The process that was recently used to develop school districts in Howard County is inherently inequitable and unfair. Those who have the resources, time, and connections to organize a response to those plans are able to ensure that their neighborhoods are not adversely affected while those without resources cannot do the same.
In contrast, using quantitative statistical measures would enable development of optimal plans for the county in general. The discussion herein demonstrates that it is possible to simultaneously balance for capacity utilization, income, and distance, through computer optimization.
This plan implemented the mathematical modeling methodology described in the scientific literature previously prepared for Howard County Schools (AI Magazine, 2007, Volume 28).
I am proud to have been the only Howard County Council candidate for District 3 to demand for an increase in developer school surcharge fees.
As someone who is not accepting contributions from developers, I demanded that they pay their fair share.
If any redistricting reform is proposed here are some areas for improvement:
- First, the data that were provided for development and evaluation of plans were flawed.
- Second, the process was flawed. The Attendance Area Committee (AAC) did not have diverse membership and could not reflect on issues of importance to the entire community.
- Third, the process to obtain input from members of the community was flawed and caused the input to be substantially biased.
- Fourth, the initial plan outlined in the Feasibility Study increased segregation by income and race, in some cases, and underestimated the degree of segregation that was being proposed through the use of biased FARM data.
Continuing with this campaign's goal of advocating for equity in county policies, here, we focus on high school district segregation by race and income.
Certain school districts have much higher concentrations of low-income students than neighboring school districts. Given the strong correlation between race and income, those districts are also segregated by race and ethnicity.
The resulting distribution of students on Free and Reduced Meals (FARM) for five different redistricting plans are compared.
We need to ensure stronger adequate public facilities ordinance standards (APFO) are adopted and better moderate and low income housing policies are implemented such that the county begins rolling back what the current standards have begun to create - two Howard Counties. One where lower income families live and another where high income families live.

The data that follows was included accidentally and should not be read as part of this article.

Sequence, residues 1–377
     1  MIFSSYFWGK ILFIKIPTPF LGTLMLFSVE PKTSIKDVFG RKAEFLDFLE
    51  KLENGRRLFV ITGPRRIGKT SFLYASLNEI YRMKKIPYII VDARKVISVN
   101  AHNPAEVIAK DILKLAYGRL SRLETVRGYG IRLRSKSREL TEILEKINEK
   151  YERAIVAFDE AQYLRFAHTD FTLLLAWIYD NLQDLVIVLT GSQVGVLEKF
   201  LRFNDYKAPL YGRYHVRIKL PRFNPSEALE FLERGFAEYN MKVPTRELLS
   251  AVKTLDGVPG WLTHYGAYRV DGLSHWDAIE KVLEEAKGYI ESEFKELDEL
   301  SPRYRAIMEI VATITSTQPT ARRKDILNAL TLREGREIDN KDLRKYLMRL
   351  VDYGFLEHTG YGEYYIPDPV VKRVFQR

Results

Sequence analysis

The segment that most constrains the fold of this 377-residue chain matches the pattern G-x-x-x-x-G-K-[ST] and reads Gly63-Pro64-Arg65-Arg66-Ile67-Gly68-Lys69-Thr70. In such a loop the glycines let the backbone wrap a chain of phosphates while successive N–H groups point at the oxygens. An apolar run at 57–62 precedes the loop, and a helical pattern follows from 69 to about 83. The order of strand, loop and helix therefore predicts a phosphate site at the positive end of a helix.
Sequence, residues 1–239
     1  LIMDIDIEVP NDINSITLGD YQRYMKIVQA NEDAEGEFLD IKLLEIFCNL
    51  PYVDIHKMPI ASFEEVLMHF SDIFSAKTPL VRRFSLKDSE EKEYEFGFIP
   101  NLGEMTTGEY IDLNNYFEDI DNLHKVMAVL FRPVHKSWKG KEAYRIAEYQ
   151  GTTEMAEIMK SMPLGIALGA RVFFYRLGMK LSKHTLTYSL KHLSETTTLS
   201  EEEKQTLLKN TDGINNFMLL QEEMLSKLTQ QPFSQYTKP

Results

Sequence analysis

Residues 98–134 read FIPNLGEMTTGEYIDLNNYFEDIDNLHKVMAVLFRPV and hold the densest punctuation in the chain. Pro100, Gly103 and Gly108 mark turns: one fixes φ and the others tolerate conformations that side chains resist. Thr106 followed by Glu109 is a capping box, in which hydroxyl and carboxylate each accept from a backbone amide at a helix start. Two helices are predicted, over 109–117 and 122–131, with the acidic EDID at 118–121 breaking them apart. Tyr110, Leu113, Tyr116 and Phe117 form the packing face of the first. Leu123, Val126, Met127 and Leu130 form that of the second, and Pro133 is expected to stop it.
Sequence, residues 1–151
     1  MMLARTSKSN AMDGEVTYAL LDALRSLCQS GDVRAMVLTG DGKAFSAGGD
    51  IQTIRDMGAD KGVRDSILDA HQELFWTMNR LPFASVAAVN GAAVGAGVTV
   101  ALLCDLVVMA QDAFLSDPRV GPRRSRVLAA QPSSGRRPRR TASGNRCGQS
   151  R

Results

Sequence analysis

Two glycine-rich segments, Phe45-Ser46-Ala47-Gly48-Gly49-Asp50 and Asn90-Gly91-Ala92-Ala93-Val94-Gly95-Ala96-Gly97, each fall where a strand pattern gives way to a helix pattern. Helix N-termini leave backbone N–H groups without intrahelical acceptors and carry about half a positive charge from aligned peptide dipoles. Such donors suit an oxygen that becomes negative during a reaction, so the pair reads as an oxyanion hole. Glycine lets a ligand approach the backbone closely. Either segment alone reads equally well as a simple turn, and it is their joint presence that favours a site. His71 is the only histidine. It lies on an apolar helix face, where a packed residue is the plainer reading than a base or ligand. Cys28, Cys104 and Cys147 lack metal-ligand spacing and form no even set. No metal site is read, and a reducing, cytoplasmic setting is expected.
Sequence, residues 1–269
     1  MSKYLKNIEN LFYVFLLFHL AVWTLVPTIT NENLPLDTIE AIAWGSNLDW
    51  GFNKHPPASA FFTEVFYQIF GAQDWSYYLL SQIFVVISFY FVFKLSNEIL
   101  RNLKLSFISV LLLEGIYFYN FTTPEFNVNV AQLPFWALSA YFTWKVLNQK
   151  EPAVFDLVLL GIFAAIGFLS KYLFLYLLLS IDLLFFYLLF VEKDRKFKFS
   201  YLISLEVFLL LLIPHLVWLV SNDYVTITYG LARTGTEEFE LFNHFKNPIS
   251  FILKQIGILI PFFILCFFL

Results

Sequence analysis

We need to consider the impacts of housing projects on potential economic integration before we approve these projects, and we cannot allow our school districts to be divided by income.
FARM profiles among the data-set provided by MPIA 2018-004, the AAC Draft report released Aug. 8, 2017, and the FARM number from the HCPSS School System Profile are compared. The results summarized from the provided MPIA dataset were nearly 5 percentage points lower than those for the 2017 system-wide profile. Furthermore, the percentage FARM students across the district summarized as a weighted mean from the AAC Draft FARM Report (23.6%) was even higher than the school-system profile.
The Howard County Public School System Board of Education has proposed school attendance area adjustments (redistricting) to take effect in the 2018-2019 school year.
The school attendance area standards are set by Board Policy 6010. Section IV.3 of the standards addresses the preservation of diversity by different measures of the sending and receiving schools.
One measure is "The socioeconomic composition of the school population as measured by participation in the federal [free and reduced meals] FARMS program."
While the proposed redistricting plan does not increase or decrease the standard deviation in percentage FARM across schools, and only affects a few schools. A granular look suggests that the proposed redistricting will not achieve the stated goal of improving economic integration.
Over the last few days, I heard the plea of parents' for help in comparing school impact fees across Maryland counties and how Howard County's schools stack up by state standards. My analysis concludes in clear and certain terms that tax payers in Howard County are subsidizing the profits of developers.
Impact fees should be tied to the size of the land available for development, the cost of developing public facilities, and demand. Currently, there is a market distortion that is created because of the low impact fees. This does not necessarily mean that higher impact fees mean higher home prices. The low impact fees are just creating opportunities for the developer to pocket more of the profits that it would have paid to mitigate overcrowding.
The TOD seems more like a Trojan horse to bring in more development than to alleviate transportation problems. It boggles the mind to say “we need a TOD because we want to make transit easier, but to do that, we will add more residential units that will contribute to additional congestion.” Fast-paced development constrains resources and leads to poor quality of life; unless the attendant costs are mitigated. I do not support CR111-2017 and the TIF.
The size, scope, and pace of the proposals before the County Council in conjunction with the redistricting effort is troubling. The redistricting effort is essentially a consequence of the rapid growth and densification of the county. Nothing about these proposals suggests that we will not revisit the same problems two to three years from now. We need an integrated analysis of all the proposals before we move forward on future residential development that lead to strain our infrastructure.